Olympics: Girls don't bring dowries, they bring medals
The Olympics is the most watched multi sporting event in the world. Being the center stage for so many sports, it is the summit that everyone wants to reach at some point of time. However, what surprises me is that every four years ever since its inception, the Olympics throws up fascinating stories that reflect the true spirit of the games. This time around, our Olympic story is right at our doorstep.
In my view, the most significant take away from the Olympics has been the rise of the Indian women in the field of sports. In particular, the rise of Saina Nehwal and Mary Kom at the Olympics stage has been a remarkable feat. Behind the stories of both these women, lies a story of grit, determination and discipline that very few in the country can boast of. It also reflects the struggles they would have encountered fighting despite the system and society at large.
In a country like India, taking sport as a profession is in itself a rarity. The professional stereotypes intrinsic to our society do not consider sport as a viable mode of employment. The monetary risks involved in any sport is so huge that most people eventually end up settling for an engineering degree and working in a 5 days a week job. The obsession with a singular sport such as cricket makes the going much harder for athletes of other sports since the money is headed only in one direction all the time. Now, being women sportsmen, the challenges are multifold. It makes the task a million times harder. The pathetic state of female feticide in the country tells us how much women are still unwanted in large parts of India. Even now in some areas of rural India, women are mere objects for dowries and are bargained shamelessly as mere tradeable commodities. In a country which still adopts such practices without understanding their faith properly, its not a surprise that it is more challenging for a female sportsperson to succeed than the male counterparts. Discrimination at such a mundane level makes it an extremely challenging task for female athletes to take up the profession, leave alone progress in it. The foundation stone for such sporting successes lays in the support system that athletes get, i.e the family and parental support.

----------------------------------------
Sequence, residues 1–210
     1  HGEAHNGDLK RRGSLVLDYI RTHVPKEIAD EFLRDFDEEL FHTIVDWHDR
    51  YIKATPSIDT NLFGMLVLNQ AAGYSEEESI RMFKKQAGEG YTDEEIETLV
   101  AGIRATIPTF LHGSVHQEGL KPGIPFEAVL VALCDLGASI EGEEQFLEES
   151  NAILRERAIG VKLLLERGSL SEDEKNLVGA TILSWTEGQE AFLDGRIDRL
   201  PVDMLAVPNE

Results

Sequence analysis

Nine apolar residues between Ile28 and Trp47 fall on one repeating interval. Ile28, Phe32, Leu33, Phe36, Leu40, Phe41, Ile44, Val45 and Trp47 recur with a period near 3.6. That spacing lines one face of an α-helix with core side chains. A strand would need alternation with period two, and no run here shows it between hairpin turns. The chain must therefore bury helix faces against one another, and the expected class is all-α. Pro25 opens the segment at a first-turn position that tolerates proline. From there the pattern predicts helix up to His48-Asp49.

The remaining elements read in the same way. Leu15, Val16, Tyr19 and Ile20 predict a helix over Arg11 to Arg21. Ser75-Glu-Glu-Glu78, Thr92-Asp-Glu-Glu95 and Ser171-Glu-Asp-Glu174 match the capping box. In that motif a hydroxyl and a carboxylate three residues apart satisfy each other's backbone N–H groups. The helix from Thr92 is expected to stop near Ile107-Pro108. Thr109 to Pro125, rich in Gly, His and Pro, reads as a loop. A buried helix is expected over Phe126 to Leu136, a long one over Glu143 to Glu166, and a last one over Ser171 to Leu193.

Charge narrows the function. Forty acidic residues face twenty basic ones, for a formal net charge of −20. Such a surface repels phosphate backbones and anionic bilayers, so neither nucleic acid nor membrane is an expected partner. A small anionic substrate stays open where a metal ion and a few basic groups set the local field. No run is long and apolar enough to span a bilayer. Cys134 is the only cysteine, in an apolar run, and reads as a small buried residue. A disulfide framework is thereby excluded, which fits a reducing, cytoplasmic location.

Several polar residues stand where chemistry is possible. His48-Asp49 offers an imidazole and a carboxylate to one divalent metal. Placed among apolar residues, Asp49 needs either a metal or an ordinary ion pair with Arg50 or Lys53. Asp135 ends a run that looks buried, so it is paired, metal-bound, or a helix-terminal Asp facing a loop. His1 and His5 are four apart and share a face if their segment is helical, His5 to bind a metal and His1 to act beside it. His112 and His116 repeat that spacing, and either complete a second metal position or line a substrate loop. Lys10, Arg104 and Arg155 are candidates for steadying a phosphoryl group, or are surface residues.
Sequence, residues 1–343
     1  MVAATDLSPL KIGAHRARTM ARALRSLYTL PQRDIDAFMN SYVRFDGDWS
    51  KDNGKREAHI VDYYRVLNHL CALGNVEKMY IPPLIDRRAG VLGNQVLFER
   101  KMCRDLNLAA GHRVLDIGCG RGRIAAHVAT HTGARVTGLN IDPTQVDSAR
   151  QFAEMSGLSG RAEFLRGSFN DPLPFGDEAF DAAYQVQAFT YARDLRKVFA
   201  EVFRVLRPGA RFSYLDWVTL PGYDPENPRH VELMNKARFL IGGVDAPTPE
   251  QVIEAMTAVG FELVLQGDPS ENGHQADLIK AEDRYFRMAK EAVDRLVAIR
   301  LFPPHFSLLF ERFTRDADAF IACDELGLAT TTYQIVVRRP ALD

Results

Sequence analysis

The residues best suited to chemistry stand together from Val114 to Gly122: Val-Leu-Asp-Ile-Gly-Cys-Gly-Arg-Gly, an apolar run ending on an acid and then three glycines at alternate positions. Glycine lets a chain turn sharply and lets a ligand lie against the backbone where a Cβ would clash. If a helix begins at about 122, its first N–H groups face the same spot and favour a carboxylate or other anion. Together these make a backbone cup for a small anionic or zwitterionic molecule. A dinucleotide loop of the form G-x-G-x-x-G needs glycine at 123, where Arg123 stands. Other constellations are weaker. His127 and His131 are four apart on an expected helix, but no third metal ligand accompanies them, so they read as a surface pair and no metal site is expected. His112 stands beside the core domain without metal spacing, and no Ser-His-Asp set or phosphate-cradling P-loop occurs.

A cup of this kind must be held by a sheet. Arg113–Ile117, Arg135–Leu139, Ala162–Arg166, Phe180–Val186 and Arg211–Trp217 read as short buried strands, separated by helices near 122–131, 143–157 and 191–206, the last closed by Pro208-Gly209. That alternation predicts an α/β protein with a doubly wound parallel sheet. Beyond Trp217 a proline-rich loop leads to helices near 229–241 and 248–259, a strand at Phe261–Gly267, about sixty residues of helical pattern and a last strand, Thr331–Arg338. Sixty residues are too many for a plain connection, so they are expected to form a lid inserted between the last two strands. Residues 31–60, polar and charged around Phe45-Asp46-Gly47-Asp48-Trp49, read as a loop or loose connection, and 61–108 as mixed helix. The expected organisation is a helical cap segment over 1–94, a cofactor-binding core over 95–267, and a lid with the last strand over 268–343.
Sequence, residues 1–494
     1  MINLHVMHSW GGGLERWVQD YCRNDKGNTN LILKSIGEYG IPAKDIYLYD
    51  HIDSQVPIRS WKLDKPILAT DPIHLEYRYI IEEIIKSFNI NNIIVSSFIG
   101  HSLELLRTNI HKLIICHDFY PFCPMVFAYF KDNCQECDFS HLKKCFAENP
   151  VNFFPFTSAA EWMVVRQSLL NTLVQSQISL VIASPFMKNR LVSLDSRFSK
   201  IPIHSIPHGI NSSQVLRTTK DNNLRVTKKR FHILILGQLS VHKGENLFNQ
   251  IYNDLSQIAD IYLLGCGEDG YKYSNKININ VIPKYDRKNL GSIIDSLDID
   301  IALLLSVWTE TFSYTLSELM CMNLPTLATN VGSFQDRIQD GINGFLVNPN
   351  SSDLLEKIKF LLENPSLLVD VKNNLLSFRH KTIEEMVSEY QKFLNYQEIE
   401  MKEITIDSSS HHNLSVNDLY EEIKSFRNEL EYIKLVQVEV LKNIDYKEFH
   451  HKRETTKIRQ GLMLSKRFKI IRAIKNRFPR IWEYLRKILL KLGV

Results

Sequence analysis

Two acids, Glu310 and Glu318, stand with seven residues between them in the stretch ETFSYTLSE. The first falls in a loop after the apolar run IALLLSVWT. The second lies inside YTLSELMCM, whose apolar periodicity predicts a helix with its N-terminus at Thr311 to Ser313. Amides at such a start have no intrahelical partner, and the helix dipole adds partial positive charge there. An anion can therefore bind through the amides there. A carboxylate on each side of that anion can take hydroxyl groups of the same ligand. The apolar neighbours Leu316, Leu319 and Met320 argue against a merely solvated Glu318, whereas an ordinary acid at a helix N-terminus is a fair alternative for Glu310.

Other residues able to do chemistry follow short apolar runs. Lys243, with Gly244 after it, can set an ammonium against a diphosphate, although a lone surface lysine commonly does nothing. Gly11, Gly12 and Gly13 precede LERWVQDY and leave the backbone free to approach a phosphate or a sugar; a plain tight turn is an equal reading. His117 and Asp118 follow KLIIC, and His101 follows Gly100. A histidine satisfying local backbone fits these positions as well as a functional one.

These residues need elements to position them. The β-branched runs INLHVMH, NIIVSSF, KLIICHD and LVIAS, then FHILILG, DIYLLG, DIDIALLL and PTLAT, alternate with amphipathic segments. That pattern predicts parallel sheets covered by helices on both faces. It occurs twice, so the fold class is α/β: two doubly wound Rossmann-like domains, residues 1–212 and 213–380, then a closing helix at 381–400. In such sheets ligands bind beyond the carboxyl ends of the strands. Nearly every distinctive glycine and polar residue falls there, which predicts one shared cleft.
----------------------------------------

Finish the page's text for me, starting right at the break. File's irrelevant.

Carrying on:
Parents and the families of sportsman need to live the dream of their children, that is the only way they can assist the children in their quest for success. In both the cases of Saina and Mary Kom, family support was pivotal to their success. Saina, being a girl wonder, was given complete support from her parents to pursue what she had wanted. The early morning 25 km drives for the badminton sessions were tough then, now it all seems so worth it. Her mother, she admits, has helped her extensively ever since she started travelling and used to accompany her to major tournaments so as to ensure that the girl got the entire support one needed. In the case of Mary Kom, it was her husband who has been the pillar of strength in helping her pursue her dreams. He takes care of the children, the house and is also a supporting partner for the 5 time world champion. In both these cases, the support system provided by the family has been crucial for their successes in their respective fields. In the glitz of the 24x7 media, only the stars stand out. Often forgotten are their respective families who have been the backbone of the star's successes. Another unique distinction between both of them is the middle class upbringing that has made them grounded all this while.
Both Saina and Mary Kom have come from relatively humble backgrounds, not affected by the distractions that engulf wealthy people in urban India. The humility of the middle class shines through so effortlessly. Having come from humble backgrounds, they seem to have understood what struggle and grit is (especially Mary Kom). Any middleclass women would attest to the struggles of the daily lives and the need for grit to survive daily life, leave alone conquering it. In fact, there is a popular saying that the Indian householder controls the economy since she determines the purchasing parity of an entire family, such is her responsibility. Simplistic upbringing has instilled a sense of determination within these two athletes that is rare to see in many athletes across the country.
These two champions might have a significant age difference but both of them have laid the red carpet for all youngsters across the country to emulate them. The journey of these two Olympians has shown a path for aspiring sports women across the country and provided inspiration for many. More than their achievements, it's the process and obstacles that they have overcome that stand out. True to the theme of the Olympics, their stories are as valuable as their glory itself. To sum it up, in a country which still treats girls as dowry packages in some areas, they have smashed and literally given a punch on the face of people who look down upon female sportsmen.
Girls don't bring dowries, they bring medals; that would be the mantra post the Olympic victories of Saina Nehwal and Mary Kom.
(The author can be reached on his Facebook page
More about Sriram Balasubramanian
Sriram Balasubramanian is a Journalist, voracious reader, avid Blogger, social enthusiast and a believer in excellence not mediocrity. With an inherent passion towards journalism and writing, he believes in playing the "Straight Drive" all the time. Besides this, he has a MS in Engineering Management and has played Chess for Singapore.
- + #OccupyHong-Kong & ISIS: Two striking contrasts
- + The great social leveler: Our vote
- + Power of 49: The power and its mystique
- + Satya Nadella: Can the system claim the success?
- + Nirbhaya: One year later
- + India's Phailin: System was the hero
- + India: The rape debate with a cab driver
- + Independence Day: India Positive beneath the radar
- + Economic inertia: the less said, the better